José Acosta (1922)
Sept. 24, 1920 (Game 1)
Nineteen men born in Cuba have played for the White Sox (entering the 2019 season), the first of whom was a right-handed pitcher from Havana named José Acosta. The diminutive hurler, listed at 5-foot-6 and 134 pounds, made five appearances for the White Sox in 1922. He got his start in the majors in 1920 with the Washington Senators. The first home run he ever allowed as a big leaguer came as a Senator on Sept. 24, 1920, in Game 1 of a doubleheader. It just so happened to be Ruth’s 50th blast of the season, the first time any big leaguer ever reached 50 in a single campaign.
Bert Cole (1927)
July 18, 1921
Ruth hit his 36th home run of the season in a 10-1 rout over the Tigers on Monday, July 18, 1921, at Detroit’s Navin Field. It went really far, as the New York Times mentioned the following day:
“According to the wielders of the local measuring stick, Ruth’s homer today was his longest of the season. The Detroit statisticians aver that it is 560 feet from the plate to the point where the ball soared out of sight over the centre field barrier, and they brought out the old surveying rod and sextant to prove the contention.”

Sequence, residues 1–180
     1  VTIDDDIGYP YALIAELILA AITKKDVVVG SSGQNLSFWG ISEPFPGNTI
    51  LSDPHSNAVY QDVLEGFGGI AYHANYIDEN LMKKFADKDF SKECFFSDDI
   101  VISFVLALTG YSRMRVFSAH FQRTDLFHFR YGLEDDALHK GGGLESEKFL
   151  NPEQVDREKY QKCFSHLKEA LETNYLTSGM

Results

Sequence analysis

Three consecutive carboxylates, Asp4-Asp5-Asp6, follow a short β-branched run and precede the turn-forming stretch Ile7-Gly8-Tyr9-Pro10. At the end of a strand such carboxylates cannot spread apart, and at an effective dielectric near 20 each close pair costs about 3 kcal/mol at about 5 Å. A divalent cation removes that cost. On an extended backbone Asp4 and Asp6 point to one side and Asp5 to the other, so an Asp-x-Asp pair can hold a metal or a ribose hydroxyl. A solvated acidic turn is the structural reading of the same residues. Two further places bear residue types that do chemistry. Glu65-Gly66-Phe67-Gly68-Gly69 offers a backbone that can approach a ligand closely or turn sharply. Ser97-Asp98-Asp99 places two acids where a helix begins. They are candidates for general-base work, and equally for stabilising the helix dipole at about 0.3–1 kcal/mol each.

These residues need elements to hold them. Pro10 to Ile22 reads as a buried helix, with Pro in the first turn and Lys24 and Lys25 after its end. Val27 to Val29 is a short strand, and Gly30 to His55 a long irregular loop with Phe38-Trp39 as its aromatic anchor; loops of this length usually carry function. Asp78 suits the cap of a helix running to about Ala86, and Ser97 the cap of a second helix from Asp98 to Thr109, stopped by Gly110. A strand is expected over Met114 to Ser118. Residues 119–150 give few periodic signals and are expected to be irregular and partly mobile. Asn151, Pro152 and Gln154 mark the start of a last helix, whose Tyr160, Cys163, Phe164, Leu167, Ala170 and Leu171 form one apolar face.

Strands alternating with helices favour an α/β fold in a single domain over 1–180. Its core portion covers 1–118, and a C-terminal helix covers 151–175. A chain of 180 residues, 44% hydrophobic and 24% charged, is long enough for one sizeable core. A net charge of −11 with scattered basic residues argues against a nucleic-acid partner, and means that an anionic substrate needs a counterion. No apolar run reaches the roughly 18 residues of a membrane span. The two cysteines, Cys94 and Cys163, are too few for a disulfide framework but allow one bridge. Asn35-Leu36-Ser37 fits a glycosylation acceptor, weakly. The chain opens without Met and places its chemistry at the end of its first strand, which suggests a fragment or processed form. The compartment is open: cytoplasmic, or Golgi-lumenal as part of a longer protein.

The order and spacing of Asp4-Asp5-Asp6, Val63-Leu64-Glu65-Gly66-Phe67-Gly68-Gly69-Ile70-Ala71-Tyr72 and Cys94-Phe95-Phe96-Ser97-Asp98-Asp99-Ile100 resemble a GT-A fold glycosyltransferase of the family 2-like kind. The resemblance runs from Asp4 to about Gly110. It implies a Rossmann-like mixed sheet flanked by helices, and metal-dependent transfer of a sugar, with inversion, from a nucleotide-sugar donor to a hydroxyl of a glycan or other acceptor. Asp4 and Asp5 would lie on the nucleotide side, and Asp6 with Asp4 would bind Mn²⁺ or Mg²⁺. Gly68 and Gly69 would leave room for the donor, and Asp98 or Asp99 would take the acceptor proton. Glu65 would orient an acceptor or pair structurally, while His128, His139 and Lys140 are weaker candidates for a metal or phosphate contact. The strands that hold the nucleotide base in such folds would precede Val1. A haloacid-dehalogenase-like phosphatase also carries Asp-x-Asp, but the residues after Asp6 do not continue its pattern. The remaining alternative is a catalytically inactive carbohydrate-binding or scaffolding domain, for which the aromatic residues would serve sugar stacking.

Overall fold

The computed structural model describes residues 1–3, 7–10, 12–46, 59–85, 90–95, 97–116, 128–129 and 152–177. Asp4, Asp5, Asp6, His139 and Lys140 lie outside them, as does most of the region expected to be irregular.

What wasn’t mentioned — because they simply had no idea at the time — was that this home run, the 139th of Ruth’s career, set a new career major league record. The previous mark was held by a 19th century giant/Giant (he was 6-foot-3, 220 pounds and played for the New York Giants) named Roger Connor.
And by the way, historian Bill Jenkinson once estimated this home run as the longest ever in a major league game (in his book "The Year Babe Ruth Hit 104 Home Runs," a highly entertaining read) at an astounding 575 feet (approximately). The home run was off Cole, a lefty from San Francisco, pitching in only his seventh career major league game. He later pitched 66.2 uninspiring innings for the White Sox in 1927 at the end of his career.
Phil Douglas (1912)
Oct. 9, 1921